2020: A Year In Review

By on January 1, 2021


2020 started off normally enough, with winter sports and fun feature stories on hobbies, food and being a really good neighbor. And then it went completely off the rails.

COVID-19 upended life in Verona, from in-person schooling and extracurricular activities, to enjoying a nice meal out at the restaurants that do so much to support community projects here. The news of the first COVID case in Verona was followed almost as quickly by the news of the first deaths, and more of both would follow. By the end of the year, there would be 470 positive cases of the novel coronavirus among Veronans and 15 deaths, making COVID the third-leading cause of death in town. And there would be more than 11 pages of stories on the virus among the pages of MyVeronaNJ.

So we re-grouped. Fred Goode transformed his “Where In Verona Is It?” contest, which he had re-booted just before the start of the year, into a pandemic-friendly scavenger hunt, “Doors Of Verona.” From the middle of April to the middle of May, we watched in enjoyment as Verona families walked and biked all over town to win one of the 40 gift certificates that MyVeronaNJ purchased from Verona businesses. We watched in enjoyment as artist Alex Cook took an old ping-pong table and transformed it every week into a new message of hope for Verona, “You Are Loved.” We listened in enjoyment as Max Morden turned his front lawn into a pop-up concert venue. And we took heart in a motivational message that Scott Chesney sent us on April 5 that became the most-read story of 2020.

VHS grad Carmelo Sigona livened up the back walls of the Verona Inn with his graffiti art.

In 2020, MyVeronaNJ covered Verona government and school administration closely–but from a distance over Zoom. The Town Council continued its deliberations on the redevelopment of the Cameco, Poekel and Spectrum360 properties for affordable housing, and had a brief but vocal debate on allowing a medical marijuana dispensary in town.  The Board of Education approved plans for hybrid learning that allowed Verona students to shift between in-person and remote education as the pandemic ebbed and flared, and grappled with COVID-19’s heavy cost on Verona’s ever-tight school budget. State restrictions on in-person gatherings compelled the district to devise a multimedia graduation delivered–how else–over Zoom.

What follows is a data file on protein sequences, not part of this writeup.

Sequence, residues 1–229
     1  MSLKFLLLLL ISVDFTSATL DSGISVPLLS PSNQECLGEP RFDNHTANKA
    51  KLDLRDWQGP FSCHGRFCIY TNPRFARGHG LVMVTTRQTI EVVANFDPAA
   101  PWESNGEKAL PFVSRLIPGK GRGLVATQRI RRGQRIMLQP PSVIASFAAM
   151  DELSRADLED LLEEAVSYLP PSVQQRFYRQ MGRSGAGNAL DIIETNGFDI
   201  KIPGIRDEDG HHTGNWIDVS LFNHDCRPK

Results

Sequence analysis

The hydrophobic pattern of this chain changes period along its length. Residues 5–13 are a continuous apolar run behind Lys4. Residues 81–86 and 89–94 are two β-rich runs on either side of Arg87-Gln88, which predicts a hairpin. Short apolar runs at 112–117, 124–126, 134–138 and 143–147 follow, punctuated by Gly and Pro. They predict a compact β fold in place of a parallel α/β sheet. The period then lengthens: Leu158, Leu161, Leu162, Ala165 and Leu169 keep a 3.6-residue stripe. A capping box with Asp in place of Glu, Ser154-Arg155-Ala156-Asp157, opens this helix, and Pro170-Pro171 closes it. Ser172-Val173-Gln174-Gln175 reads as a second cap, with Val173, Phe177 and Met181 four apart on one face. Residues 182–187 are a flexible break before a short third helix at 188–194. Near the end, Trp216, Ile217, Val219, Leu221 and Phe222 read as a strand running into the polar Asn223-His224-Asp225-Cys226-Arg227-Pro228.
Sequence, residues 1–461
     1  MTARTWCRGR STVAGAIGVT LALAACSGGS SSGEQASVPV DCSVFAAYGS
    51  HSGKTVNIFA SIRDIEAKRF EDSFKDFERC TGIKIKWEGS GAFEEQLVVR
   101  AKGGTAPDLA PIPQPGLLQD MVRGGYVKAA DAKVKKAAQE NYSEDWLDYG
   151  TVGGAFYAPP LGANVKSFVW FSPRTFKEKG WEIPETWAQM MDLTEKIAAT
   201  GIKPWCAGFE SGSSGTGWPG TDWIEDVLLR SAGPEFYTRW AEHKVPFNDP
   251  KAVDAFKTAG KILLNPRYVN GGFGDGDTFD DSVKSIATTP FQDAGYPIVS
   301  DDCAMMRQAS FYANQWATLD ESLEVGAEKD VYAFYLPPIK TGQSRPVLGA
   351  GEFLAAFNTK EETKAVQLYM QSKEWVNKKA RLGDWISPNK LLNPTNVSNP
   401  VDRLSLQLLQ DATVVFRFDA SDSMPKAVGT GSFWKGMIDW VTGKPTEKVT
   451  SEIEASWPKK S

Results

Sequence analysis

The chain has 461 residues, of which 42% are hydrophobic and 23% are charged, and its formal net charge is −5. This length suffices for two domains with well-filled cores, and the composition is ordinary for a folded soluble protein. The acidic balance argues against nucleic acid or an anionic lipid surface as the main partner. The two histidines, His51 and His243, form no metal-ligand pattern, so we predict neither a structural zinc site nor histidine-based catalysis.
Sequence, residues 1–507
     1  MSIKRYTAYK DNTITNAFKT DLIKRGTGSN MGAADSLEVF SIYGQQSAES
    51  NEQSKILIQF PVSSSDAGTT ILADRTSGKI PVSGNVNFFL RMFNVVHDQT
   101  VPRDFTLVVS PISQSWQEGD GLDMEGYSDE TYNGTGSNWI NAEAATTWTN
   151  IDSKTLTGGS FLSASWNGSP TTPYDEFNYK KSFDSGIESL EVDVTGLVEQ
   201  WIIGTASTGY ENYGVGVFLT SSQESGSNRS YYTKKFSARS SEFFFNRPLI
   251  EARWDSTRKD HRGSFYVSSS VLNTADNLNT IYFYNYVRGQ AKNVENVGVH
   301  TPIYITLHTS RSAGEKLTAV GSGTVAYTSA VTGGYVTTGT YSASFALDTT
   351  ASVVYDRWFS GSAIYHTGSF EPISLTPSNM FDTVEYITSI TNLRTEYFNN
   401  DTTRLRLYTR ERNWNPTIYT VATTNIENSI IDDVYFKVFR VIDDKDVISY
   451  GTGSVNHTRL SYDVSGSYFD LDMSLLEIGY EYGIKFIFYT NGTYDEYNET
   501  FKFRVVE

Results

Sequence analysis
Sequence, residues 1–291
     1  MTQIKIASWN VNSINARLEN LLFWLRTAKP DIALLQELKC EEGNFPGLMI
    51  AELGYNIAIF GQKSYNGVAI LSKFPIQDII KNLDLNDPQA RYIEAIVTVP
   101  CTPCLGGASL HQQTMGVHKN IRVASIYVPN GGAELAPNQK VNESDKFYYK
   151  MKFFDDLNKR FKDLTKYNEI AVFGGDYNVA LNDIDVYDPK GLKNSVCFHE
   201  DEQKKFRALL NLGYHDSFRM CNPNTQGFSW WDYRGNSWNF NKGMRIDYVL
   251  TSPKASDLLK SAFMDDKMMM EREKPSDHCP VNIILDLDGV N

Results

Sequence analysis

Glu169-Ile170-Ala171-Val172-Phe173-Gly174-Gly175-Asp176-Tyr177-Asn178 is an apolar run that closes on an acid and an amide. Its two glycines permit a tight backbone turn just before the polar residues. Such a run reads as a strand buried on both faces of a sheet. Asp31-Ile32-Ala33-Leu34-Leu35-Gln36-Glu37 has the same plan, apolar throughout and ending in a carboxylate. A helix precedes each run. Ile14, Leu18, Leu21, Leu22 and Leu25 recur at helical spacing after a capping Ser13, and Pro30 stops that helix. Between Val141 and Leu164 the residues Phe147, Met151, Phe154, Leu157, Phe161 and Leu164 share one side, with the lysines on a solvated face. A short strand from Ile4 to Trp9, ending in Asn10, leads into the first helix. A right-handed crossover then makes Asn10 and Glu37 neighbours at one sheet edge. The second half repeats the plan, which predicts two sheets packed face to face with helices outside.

The world came to Verona in other ways too. The death of George Floyd in the custody of Minneapolis police officer prompted a large, peaceful rally for black lives in the center of Verona and a re-examination of race in Verona’s school curriculum.

After Verona created special outdoor dining permits this summer, The Thai Elephant converted a parking lot behind its restaurant into a place for dining under tents.

The pandemic was hard on Verona’s business community and they had to get creative to survive. Outdoor dining provided some relief, and we hope that outdoor dining will become a permanent fixture in Verona even once we are all allowed back indoors. We managed to get one new food business–Junior’s Cheesesteaks–and some very entrepreneurial middle schoolers.

Though the pandemic was far from over as 2020 ended, there were glimmers of hope. The growing numbers of former city dwellers buying houses here should mean a fresh group of customers for Verona businesses. Veronans have begun to be vaccinated against COVID-19 and to help others to get their shots

Thank you all for being our readers, and here’s to a better, brighter 2021.

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